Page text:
1776 - Staten Island Involvement in Revolutionary Era

Posted by Tom Crimmins Realty, Ltd. on Wednesday, December 4th, 2013 at 9:30am.

George Washington landed on Staten Island and set up a look-out, at Fort Wadsworth, for the British arrival.  General Howe arrived in New York City on July 2nd, 1776.  His British troops were camped in Watering Place (Tompkinsville) to prepare for a battle against Washington.  However, British troops stalled and instead inforced Islanders to surrender their rights and sign allegiance to the King.

Howe and other American loyalist, including John Adams and Benjamin Franklin, met up a few months later to discuss negotiations for peace.  The meeting took place on September 11, 1776 at the home of a British loyalist, Christopher Billopp.  The NYC Parks and Recreation states, "Lord Howe offered to end the conflict peacefully if the American colonies would return to British control, but the Americans refused to give up their struggle for independence.  Just as peacefully as their arrived, the delegates sailed away and the Revolution raged on for seven more years."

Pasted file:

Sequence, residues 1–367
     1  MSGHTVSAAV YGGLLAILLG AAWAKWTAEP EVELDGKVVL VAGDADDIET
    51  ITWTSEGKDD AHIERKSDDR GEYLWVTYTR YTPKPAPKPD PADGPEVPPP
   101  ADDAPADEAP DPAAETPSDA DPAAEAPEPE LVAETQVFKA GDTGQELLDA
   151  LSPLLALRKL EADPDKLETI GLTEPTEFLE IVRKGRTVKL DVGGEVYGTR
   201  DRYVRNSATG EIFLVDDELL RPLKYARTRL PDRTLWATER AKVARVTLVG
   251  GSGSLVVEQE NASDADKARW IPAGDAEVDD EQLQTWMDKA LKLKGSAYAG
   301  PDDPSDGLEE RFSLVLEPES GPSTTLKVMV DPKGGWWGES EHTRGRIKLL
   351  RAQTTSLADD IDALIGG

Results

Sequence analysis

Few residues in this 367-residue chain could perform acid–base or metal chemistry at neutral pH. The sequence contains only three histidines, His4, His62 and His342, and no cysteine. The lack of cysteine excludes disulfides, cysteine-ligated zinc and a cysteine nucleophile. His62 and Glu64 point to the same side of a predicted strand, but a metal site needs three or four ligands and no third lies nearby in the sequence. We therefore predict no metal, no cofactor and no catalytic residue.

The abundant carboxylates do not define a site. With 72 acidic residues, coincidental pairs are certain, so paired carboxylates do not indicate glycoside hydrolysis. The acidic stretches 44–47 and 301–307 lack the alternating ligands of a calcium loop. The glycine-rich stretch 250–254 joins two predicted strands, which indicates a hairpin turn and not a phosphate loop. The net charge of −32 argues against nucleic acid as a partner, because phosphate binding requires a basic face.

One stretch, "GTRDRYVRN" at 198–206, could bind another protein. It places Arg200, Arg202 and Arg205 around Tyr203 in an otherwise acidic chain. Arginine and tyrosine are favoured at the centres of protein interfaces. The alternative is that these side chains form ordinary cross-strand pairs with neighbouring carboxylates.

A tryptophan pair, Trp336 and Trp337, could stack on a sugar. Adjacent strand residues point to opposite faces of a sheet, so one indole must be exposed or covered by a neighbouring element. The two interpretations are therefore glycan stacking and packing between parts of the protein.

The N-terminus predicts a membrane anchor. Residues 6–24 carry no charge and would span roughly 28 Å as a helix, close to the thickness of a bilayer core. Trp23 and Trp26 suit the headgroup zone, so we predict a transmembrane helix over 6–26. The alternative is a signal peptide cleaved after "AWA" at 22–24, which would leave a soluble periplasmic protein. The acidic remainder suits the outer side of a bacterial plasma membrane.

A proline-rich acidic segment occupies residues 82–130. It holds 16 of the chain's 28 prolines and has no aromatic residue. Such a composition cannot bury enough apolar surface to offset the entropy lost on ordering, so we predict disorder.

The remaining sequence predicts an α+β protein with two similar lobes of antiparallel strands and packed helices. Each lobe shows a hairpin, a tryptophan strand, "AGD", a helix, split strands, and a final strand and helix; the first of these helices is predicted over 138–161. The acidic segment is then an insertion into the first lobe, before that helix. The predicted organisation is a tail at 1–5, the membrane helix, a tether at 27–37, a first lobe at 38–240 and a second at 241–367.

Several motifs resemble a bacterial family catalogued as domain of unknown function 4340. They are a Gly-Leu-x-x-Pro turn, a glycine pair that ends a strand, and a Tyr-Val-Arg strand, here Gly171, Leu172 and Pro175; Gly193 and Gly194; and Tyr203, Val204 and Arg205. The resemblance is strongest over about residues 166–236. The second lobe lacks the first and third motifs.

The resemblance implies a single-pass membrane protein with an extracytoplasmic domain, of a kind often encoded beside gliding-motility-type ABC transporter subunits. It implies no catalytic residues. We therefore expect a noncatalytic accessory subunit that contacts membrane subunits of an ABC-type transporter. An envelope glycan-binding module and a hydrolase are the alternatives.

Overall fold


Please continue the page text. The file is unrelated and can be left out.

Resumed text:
The building is now known as the Conference House.  The conference was unsuccessful and the war continued.

Staten Island Historian states, "Since that meeting, the house has been called the Conference House and is open to the public.  The final shot of the American Revolution was fired on Fort Wadsworth by a departing British warship on November 25, 1783.  After the war, many of the Island’s wealthiest and most influential citizens, who had remained loyal to the Crown, fled to Canada.  Their estates were confiscated by New York State, subdivided and sold."

1 Response to "1776 - Staten Island Involvement in Revolutionary Era"

Events for December 6th Weekend wrote: [...]Blog Posts

1776 - Staten Island Involvement in Revolutionary Era


Posted on Friday, December 6th, 2013 at 9:28am.

Leave a Comment